David Ross gave the Braves an early 2-0 lead with a two-run homer, but the Cardinals have scored four unanswered to go up 4-2 as we go into the top of the seventh.
Chipper Jones committed a throwing error in the top of the fourth inning which opened the door for the Cardinals to score three runs. Allen Craig delivered an RBI double while Yadier Molina had an RBI ground out and David Freese had a sacrifice fly.
The Braves had two runners on with one out in the bottom of the fourth after Freddie Freeman singled and David Ross reached on a bunt single, but Andrelton Simmons bunted and was called out for interference. Watch the play below.
On the TBS broadcast, the announcers said that Braves manager Fredi Gonzalez called for a safety squeeze and that it was not the result of a missed sign by Simmons. It’s possible he was just covering for his rookie shortstop, but it’s still a bad play with the pitcher on deck. Kris Medlen struck out swinging and the rally was snuffed out.
The Cardinals stretched their lead to 4-2 with a solo home run by Matt Holliday in the top of the sixth. Kyle Lohse was pulled in the bottom of the inning with a runner on first and one out, but Lance Lynn was able to get David Ross to fly out to right center to end the threat. To the seventh we go.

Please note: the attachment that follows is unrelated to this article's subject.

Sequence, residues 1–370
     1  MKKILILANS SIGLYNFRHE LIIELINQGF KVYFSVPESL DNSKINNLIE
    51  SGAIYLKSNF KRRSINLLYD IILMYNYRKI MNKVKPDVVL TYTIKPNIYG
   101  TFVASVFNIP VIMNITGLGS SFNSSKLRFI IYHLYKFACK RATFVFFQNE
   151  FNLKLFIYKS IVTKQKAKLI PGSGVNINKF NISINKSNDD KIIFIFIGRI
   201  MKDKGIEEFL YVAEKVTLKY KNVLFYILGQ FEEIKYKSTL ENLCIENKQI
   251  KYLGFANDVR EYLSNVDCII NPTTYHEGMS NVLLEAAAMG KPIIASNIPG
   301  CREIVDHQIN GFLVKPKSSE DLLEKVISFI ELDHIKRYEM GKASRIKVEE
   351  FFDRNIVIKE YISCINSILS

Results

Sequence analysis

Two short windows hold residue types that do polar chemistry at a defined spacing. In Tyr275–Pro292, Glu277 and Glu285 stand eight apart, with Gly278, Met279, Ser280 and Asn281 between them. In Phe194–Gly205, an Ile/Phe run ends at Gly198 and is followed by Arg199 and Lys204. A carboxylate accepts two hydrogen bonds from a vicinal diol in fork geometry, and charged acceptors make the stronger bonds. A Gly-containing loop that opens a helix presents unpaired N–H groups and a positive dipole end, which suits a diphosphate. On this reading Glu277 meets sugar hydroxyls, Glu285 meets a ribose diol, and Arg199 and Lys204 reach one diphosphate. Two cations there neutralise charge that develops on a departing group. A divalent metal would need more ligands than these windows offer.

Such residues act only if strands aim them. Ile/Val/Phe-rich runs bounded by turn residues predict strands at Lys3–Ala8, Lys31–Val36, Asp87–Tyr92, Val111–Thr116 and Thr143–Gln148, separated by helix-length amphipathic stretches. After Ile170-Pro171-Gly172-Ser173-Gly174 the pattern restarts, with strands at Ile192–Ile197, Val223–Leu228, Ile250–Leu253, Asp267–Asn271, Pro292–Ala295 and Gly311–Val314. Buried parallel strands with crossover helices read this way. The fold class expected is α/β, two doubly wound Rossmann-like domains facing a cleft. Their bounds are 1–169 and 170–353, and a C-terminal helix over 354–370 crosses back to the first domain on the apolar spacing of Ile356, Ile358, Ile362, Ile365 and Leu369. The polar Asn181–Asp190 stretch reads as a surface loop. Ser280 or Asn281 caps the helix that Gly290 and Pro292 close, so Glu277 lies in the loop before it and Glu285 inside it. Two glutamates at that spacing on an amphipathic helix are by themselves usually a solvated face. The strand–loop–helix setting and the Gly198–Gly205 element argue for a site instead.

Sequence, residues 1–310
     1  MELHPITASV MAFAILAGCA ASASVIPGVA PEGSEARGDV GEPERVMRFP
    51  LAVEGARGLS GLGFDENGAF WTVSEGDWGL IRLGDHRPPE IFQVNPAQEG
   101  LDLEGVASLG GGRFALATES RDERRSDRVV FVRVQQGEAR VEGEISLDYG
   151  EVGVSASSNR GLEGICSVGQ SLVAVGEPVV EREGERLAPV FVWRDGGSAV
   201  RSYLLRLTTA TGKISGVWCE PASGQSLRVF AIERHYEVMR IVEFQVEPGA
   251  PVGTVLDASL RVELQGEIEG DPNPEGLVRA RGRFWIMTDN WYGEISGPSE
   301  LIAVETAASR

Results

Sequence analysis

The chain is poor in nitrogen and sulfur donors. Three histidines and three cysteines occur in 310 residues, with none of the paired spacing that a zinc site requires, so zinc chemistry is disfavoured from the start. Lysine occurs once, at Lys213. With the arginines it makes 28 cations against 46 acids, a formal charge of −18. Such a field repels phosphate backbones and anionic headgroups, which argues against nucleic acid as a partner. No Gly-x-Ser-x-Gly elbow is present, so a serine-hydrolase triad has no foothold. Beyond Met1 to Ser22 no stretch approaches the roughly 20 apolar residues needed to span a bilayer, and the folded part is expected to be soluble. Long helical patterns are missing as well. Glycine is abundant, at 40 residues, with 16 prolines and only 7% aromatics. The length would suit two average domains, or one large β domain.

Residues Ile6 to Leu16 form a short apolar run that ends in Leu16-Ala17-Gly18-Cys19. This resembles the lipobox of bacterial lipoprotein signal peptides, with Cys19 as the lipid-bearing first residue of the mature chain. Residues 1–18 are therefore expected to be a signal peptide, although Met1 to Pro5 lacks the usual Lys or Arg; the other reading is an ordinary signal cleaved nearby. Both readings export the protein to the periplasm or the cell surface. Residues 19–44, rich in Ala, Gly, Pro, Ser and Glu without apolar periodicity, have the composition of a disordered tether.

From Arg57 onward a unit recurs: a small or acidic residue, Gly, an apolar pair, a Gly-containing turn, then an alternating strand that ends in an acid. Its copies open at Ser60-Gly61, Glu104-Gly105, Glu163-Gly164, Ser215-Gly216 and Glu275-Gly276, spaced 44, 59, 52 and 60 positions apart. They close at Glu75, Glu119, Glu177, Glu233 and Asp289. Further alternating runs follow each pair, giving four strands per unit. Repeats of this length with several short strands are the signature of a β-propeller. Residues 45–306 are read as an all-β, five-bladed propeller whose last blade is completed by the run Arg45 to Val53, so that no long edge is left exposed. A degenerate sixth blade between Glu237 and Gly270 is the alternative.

Just a few days after inking him to a minor league deal, the Braves have released first baseman James Loney, the team announced on Monday. Loney became expendable when the Braves acquired Matt Adams from the Cardinals on Saturday as a replacement for the injured Freddie Freeman.
Loney, 33, appeared in two games at Triple-A Gwinnett. He had one hit, a single, and one walk in eight plate appearances.
Loney will likely have to wait for another team to deal with an injured first baseman or DH before he can secure another contract.
Every now and then, The Players’ Tribune runs a “five toughest” feature. In 2015, David Ortiz listed the five toughest pitchers he ever faced. Last month, Christian Yelich wrote up the five toughest pitchers in the NL East. Now, it’s Ian Kinsler‘s turn with the five toughest pitchers in the AL Central.
Kinsler goes into detail explaining why each pitcher is difficult to face, so hop over to The Players’ Tribune for his reasoning. His list
Presumably, Kinsler intentionally omitted his Tiger teammates from the list. He has faced Justin Verlander a fair amount earlier in his career, and he has only a .176/.333/.235 batting line in 42 plate appearances against the right-hander. Verlander’s stuff is often described as tough to hit in one phrase or another. Kinsler has also struggled against Indians starter Carlos Carrasco (.590 OPS), but one can understand why he would be omitted from a list of five given who was already listed.